Summary: Looking at the world around us it would be so easy to give up. The cycles of problems and the ever declining situations we wittness. Persons of faith look through the problems and find God in the mists of trouble and pain and we can keep going.

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Why am I here?

Ecclesiastes 1:1-11

This week we are looking at the first chapter of Ecclesiastes and it sounds like the most depressing scripture you could ever find. Reading the Book of Job is pretty bad, but today’s reading is so much worse.

I think it is because in many ways it sounds so true. Here at the beginning of a new year it seems more obvious. We look down the road ahead of us and expect a lot of the same stuff that happens every year.

We expect to have another birthday that might make you feel good or bad.

We can expect another year of bills from the electric company, phone company and others.

We can expect to make trips to the grocery store …. over and over.

We can be sure that we will have to file income taxes again this year.

The news shows and paper are going to offer more bad news than good.

Politicians are going to argue and fight.

Traffic is going to be bad.

And Christmas will roll around again.

-- Are we making any progress? OR are we loosing ground?

Does it worry you that many of the world’s problems from last year are going to continue in 2007.

-The Middle East and all the uncertainty of having people at risk.

-Gas prices which are directly dependant on the Middle East.

-How about bird flu?

-World Hunger?

-People around the world dyeing of AIDS?

Not to mention natural catastrophes….

This is not a user friendly world.

It seems as if there is nothing that we can do about almost any of the bad stuff in the world.

Most of us can’t even deal with our personal problems so we know we are helpless against the world issues. Right?

-- Our scripture today is credited to Solomon. His name means peaceful, complete, or prosperous.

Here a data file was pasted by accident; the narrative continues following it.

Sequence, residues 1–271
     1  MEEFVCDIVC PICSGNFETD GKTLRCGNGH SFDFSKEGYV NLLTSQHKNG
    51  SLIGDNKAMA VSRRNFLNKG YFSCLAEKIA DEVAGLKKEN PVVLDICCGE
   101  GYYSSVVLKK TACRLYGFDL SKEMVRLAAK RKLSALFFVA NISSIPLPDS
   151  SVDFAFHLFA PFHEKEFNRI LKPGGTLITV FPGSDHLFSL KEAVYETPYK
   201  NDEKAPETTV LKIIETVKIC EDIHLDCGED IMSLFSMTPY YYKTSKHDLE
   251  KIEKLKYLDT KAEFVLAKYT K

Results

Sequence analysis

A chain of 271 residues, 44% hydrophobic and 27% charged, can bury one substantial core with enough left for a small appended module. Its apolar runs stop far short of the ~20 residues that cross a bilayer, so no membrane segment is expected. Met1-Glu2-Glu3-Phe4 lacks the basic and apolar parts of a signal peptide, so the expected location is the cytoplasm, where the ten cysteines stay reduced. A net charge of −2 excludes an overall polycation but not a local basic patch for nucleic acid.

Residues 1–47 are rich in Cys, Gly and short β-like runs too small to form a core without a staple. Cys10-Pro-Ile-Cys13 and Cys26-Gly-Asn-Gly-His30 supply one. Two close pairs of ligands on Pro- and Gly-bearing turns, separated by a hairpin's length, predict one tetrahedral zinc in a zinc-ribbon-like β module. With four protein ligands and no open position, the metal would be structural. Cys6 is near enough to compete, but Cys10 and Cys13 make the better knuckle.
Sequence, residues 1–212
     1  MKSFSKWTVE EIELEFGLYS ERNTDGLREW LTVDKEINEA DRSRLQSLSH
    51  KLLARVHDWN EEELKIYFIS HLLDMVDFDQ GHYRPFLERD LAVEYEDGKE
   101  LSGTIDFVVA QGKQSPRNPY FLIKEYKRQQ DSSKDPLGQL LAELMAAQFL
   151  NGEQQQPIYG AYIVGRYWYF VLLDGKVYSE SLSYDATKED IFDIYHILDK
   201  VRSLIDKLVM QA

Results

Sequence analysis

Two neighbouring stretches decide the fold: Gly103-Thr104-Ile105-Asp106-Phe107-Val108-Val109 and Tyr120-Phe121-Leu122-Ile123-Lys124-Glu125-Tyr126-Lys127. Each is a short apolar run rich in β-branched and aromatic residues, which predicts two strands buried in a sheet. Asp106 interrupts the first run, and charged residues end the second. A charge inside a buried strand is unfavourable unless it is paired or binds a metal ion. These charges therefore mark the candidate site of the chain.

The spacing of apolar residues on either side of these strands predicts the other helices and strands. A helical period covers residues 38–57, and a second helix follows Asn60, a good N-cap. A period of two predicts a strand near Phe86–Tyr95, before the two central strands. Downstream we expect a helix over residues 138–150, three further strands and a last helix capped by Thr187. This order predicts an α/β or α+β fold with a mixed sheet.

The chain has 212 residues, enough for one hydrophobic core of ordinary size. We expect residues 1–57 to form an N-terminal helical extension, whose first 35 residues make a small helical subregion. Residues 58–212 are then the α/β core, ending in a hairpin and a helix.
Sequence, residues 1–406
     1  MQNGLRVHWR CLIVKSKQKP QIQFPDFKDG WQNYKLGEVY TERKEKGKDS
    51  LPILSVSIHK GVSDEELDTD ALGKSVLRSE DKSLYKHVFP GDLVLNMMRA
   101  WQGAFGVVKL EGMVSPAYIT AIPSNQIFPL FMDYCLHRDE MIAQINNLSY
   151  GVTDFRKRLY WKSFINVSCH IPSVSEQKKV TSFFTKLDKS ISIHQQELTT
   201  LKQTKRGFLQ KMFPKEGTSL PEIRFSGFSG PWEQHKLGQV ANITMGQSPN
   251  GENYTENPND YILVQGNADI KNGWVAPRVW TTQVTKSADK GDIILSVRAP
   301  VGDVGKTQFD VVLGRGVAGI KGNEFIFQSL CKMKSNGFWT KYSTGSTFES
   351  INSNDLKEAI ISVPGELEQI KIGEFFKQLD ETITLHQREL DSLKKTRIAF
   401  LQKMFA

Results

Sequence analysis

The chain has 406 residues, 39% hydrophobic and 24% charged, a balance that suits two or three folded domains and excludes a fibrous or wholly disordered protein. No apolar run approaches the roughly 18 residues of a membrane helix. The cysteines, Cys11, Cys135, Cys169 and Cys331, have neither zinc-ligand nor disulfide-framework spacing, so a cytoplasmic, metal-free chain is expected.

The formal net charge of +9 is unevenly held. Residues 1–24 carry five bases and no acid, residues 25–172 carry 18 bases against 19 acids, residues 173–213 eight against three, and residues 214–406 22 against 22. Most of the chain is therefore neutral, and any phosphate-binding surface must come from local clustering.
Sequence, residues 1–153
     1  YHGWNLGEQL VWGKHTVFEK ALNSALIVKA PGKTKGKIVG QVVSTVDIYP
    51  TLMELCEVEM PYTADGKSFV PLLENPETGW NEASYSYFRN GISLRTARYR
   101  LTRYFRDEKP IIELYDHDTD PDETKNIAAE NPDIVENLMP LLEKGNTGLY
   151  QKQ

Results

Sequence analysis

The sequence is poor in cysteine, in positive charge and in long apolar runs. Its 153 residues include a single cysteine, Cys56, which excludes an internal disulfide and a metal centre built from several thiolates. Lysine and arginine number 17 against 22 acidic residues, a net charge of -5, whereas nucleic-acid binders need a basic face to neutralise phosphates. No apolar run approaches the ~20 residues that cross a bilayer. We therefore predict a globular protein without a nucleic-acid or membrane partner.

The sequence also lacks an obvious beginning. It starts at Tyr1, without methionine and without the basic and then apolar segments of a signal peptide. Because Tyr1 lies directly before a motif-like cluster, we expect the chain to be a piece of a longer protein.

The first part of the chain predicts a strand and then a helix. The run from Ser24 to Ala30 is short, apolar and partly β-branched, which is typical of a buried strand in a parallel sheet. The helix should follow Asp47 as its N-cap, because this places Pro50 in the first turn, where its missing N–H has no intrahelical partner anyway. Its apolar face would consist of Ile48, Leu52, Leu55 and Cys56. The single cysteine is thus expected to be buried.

Solomon is known for his wisdom, we all remember the story where two women claim one child and to resolve the problem he threatens to cut the child in half to satisfy the women. Then he determines the real mother by the reactions of the women.

He was a man that never lacked for advice as we are told that he had 700 wives and 300 concubines.

The accounts of scripture speak of his wealth, Horses and chariot’s. He builds a fine palace and he is credited for building the Temple.

So, in general Solomon is a man that lacks nothing as far as earthly desires are concerned. And yet historically, he is said to be the author of our text this morning.

2 "Meaningless! Meaningless!" says the Teacher.

"Utterly meaningless! Everything is meaningless."

3 What does man gain from all his labor at which he toils under the sun?

4 Generations come and generations go, but the earth remains forever.

5 The sun rises and the sun sets, and hurries back to where it rises.

6 The wind blows to the south and turns to the north;

round and round it goes, ever returning on its course.

7 All streams flow into the sea, yet the sea is never full.

To the place the streams come from, there they return again.

Ok, for a man that has everything, he really seems to be down.

The bills are always coming in. All the work he has done does not seem to be appreciated.

Nothing ever changes.

Day after day there are always people wanting things from him and even with all he has ….he still wants something that he has not yet found. He is greatly influenced by the religions and expectations of his wives and the culture. He has studied and tested knowledge and wisdom and still he is missing something.

When I compare our nation and even world to this book, the constant cycles and constant wants just seem so clear. Even if I don’t happen to have the same feelings of hopelessness and desire, I can see signs of it in our culture.

The TV commercials that tell us how to get the good life or a better body with only a pill are selling to people that are dissatisfied and wanting something.

The expectations of a culture to buy things, to value entertainment and leisure over other goals.

We have this example of Solomon, a man with excess of everything earthly and yet he comes to realize that it is not satisfying or rewarding.

Let’s read a little further:

8 All things are wearisome, more than one can say.

The eye never has enough of seeing, nor the ear its fill of hearing.

9 What has been will be again, what has been done will be done again;

there is nothing new under the sun.

10 Is there anything of which one can say, "Look! This is something new"?

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